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Dazzler #33 (1984, August)

September 25, 2014

Time for another post. Today, by Michael Carlin and Mark Bright, “Chiller!”


Ah, there’s a good Sienkewicz cover.

Alison and her friend, Janet, are at a horror movie, and Alison leaves. It seems odd to me that Alison would actually be scared by a movie. She’s been to Nightmare’s realm. Galactus sent her into a Black Hole. She’s cheated death dozens of times by this point. And yet a movie scares her? Anyway, she runs home, and gets a call from Roman Nekoboh. He invites her to a big party.

At the party, some guy wanders over to hit on her, but Roman pulls her away and says he doesn’t want her talking to the guy. Later on, the director of the movie she’d been watching talks to her, and she admits to leaving before it was over. He says he wants to use her for a music video he’s directing for Teddy Lingard. Roman tells her he’s not happy with the idea, because the director, Bob Benson, has a reputation for putting his talent at risk. There’s an explosion from outside, and everyone rushes out to find Benson’s car in flames. Ali finds him in the bushes. He’s OK.

The next day, after her aerobics class, she calls Benson about the job offer. He heads over for an audition, and gets hired before she even dances. She gets suspicious. The next day, she goes in for the first day of shooting, and gets some zombie make-up put on. Then she and a dozen other zombies start on the choreography until Teddy Lingard shows up. Teddy Langard is Michael Jackson. It’s clearly meant to be Michael Jackson. Alison heads to the bathroom, and overhears Benson calling the news, saying something terrible has happened.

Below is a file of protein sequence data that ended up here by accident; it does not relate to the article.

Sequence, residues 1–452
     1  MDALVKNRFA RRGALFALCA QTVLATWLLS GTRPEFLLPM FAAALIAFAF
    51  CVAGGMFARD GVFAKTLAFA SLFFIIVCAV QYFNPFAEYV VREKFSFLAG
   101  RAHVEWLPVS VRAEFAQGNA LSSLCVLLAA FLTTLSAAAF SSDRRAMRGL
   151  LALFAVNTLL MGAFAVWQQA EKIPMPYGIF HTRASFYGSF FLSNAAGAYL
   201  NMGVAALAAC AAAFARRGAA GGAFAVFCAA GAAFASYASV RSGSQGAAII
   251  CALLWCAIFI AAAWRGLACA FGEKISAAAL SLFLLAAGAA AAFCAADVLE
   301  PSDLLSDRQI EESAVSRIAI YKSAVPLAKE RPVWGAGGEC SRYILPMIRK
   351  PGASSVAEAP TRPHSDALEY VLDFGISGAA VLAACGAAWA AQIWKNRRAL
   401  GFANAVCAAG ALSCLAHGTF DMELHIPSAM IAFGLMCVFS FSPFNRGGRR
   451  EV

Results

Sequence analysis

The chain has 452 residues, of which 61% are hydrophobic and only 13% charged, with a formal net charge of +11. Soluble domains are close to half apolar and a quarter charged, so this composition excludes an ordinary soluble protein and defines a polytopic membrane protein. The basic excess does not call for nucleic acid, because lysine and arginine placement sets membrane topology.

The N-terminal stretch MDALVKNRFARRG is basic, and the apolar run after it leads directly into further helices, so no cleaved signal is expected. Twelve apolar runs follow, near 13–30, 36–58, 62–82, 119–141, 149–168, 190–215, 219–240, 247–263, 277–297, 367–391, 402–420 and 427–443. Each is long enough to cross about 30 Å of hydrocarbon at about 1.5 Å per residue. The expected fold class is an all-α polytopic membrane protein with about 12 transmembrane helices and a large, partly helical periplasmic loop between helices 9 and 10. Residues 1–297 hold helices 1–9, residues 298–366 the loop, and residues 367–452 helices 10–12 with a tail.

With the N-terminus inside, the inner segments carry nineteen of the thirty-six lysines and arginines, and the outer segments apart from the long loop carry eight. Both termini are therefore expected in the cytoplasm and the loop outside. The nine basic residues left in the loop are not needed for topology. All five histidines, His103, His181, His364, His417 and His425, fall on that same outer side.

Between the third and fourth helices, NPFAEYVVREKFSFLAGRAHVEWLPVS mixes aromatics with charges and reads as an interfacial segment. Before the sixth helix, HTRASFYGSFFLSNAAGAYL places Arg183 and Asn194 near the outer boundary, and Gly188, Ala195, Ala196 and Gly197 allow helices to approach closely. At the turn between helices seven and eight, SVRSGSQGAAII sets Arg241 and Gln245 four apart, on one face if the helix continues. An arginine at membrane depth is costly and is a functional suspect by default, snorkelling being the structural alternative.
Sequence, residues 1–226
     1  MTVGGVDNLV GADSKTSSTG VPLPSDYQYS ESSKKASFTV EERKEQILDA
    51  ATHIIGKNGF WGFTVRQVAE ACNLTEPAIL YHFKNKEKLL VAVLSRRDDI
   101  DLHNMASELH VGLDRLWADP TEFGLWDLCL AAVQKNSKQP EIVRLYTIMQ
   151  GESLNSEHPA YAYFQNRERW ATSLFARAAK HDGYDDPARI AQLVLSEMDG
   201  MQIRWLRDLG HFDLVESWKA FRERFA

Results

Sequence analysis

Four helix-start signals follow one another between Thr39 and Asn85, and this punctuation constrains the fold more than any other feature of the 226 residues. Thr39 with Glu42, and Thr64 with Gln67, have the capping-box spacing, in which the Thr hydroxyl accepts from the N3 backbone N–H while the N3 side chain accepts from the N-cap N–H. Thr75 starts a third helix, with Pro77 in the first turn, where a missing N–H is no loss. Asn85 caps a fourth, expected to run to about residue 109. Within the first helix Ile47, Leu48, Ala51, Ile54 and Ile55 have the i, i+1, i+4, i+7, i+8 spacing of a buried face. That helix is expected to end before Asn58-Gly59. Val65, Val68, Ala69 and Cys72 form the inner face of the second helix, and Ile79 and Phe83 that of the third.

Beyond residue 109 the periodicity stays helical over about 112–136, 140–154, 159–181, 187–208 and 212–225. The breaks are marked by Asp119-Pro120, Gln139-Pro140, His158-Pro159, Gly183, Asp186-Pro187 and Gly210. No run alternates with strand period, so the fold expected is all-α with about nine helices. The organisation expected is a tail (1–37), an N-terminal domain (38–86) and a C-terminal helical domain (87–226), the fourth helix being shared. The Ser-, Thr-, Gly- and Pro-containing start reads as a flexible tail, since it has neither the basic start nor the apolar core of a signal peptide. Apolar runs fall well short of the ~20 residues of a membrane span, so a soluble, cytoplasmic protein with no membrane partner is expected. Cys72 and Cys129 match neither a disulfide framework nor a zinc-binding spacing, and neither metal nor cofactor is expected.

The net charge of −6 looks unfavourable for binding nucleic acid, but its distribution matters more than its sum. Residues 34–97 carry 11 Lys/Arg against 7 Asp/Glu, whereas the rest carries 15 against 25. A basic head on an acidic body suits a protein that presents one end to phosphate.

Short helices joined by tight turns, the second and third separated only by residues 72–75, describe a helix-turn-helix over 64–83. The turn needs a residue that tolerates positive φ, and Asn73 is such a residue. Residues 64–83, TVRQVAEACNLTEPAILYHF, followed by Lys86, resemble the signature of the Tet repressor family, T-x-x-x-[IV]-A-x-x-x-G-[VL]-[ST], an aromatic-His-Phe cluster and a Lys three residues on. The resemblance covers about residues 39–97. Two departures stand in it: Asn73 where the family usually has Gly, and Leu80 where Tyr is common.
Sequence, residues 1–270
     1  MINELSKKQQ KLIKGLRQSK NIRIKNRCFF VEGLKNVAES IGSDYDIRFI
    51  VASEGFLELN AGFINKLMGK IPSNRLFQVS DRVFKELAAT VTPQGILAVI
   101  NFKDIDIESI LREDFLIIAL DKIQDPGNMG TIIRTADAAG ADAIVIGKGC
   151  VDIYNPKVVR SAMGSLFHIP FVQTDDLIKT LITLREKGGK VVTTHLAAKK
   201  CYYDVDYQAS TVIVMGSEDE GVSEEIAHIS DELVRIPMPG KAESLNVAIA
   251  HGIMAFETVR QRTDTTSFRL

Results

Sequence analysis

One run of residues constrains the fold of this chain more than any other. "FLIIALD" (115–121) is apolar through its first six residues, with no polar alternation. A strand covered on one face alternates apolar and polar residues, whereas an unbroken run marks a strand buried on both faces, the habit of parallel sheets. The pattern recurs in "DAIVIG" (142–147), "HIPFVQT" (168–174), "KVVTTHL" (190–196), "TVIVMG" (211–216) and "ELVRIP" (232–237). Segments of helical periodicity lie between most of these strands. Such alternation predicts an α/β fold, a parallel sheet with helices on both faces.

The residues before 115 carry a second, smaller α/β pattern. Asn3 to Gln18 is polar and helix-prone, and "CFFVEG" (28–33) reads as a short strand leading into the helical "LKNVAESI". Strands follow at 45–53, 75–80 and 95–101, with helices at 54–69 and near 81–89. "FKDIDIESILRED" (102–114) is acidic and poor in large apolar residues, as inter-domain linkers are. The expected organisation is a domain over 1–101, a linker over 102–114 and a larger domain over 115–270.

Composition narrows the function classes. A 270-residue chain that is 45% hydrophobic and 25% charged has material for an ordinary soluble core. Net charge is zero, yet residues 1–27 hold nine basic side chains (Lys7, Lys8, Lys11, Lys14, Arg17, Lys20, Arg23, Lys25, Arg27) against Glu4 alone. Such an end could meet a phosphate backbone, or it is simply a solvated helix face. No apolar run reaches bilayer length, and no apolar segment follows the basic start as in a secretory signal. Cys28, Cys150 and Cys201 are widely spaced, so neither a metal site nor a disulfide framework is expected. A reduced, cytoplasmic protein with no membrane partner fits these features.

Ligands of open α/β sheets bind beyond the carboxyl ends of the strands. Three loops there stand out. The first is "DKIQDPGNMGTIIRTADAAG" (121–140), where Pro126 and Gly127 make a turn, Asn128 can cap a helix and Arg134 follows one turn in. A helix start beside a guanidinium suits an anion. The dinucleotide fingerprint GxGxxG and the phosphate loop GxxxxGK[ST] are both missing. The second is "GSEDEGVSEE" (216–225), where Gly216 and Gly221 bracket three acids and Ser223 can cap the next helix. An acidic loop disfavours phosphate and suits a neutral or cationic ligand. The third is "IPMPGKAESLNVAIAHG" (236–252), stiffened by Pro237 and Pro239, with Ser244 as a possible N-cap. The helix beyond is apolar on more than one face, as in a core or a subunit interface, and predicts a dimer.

They go the set, and the dancers are put in graves to crawl out of. They start rolling, with Michael Teddy dancing past the graves, and then the dancers crawl out. Except for Alison. There’s no air hose on her grave, and Benson gets upset, especially when a news crew arrives. That’s when Alison comes out, shambling like a zombie and blaming Benson. He admits that he’s rigged all the “accidents” that happen around him, in order to get publicity.

This was . . . actually pretty good. I like it. It’s very much a “showbiz” issue, and that works well for it. The fact that it’s a blatant knock-off of “Thriller” is a bit stupid, but whatever. It is kinda neat that the opening of the issue – Dazzler walking out of a horror movie (one that stars Vincent Price, no less) is also taken from the Thriller video. I do like the general plot of the issue, and I like the lack of an actual supervillain. Focusing on the entertainment industry was a good way to go, though sadly, that direction doesn’t last much longer. But it’s a nice niche for Dazzler. It’s a little disappointing that her music career is basically over at this point – she doesn’t even think about it in this issue.

The art’s OK. Nothing special. Pretty standard mid-’80s comic book art. It’s honestly not interesting enough to talk about.

Also in August 1984: Secret Wars #4, by Jim Shooter and Bob Layton. The X-Men’s role in the story is to fly to Magneto’s base.  Magneto uses his magnetic powers to create a comb for the Wasp. When the X-Men show up suggesting an alliance, he agrees, but she refuses. She compares him to Hitler then fights him and the X-Men and manages to escape. This marks the second issue in a row where the X-Men got their asses handed to them by a single hero. Meanwhile, the Hulk holds up a mountain. Yeah, it’s that issue. The X-Men getting their asses kicked was a bit irritating.

Also that month, the Fantastic Four Annual started with X-Men #137, with the Kree and Skrull observers fighting each other.

Song of the day: The Songs That We Sing by Charlotte Gainsbourg.

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